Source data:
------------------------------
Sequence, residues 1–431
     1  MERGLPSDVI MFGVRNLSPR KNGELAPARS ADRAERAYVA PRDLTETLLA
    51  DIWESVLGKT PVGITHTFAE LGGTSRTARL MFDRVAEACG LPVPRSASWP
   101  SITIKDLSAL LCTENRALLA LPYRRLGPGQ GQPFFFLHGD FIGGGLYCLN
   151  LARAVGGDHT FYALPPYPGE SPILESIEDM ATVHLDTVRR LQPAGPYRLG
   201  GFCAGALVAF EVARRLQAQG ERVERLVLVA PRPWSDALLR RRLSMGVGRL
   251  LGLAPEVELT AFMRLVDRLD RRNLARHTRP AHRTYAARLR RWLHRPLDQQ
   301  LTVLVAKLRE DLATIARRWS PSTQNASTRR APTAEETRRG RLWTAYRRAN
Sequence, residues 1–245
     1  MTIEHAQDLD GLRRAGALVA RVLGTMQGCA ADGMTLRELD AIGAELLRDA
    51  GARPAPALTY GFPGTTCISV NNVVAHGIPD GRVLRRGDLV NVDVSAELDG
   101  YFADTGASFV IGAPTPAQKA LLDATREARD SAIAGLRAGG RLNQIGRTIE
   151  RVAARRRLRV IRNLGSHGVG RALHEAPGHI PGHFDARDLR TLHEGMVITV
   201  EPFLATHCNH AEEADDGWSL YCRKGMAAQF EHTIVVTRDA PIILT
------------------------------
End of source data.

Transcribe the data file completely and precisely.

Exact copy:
Sequence, residues 1–431
     1  MERGLPSDVI MFGVRNLSPR KNGELAPARS ADRAERAYVA PRDLTETLLA
    51  DIWESVLGKT PVGITHTFAE LGGTSRTARL MFDRVAEACG LPVPRSASWP
   101  SITIKDLSAL LCTENRALLA LPYRRLGPGQ GQPFFFLHGD FIGGGLYCLN
   151  LARAVGGDHT FYALPPYPGE SPILESIEDM ATVHLDTVRR LQPAGPYRLG
   201  GFCAGALVAF EVARRLQAQG ERVERLVLVA PRPWSDALLR RRLSMGVGRL
   251  LGLAPEVELT AFMRLVDRLD RRNLARHTRP AHRTYAARLR RWLHRPLDQQ
   301  LTVLVAKLRE DLATIARRWS PSTQNASTRR APTAEETRRG RLWTAYRRAN
Sequence, residues 1–245
     1  MTIEHAQDLD GLRRAGALVA RVLGTMQGCA ADGMTLRELD AIGAELLRDA
    51  GARPAPALTY GFPGTTCISV NNVVAHGIPD GRVLRRGDLV NVDVSAELDG
   101  YFADTGASFV IGAPTPAQKA LLDATREARD SAIAGLRAGG RLNQIGRTIE
   151  RVAARRRLRV IRNLGSHGVG RALHEAPGHI PGHFDARDLR TLHEGMVITV
   201  EPFLATHCNH AEEADDGWSL YCRKGMAAQF EHTIVVTRDA PIILT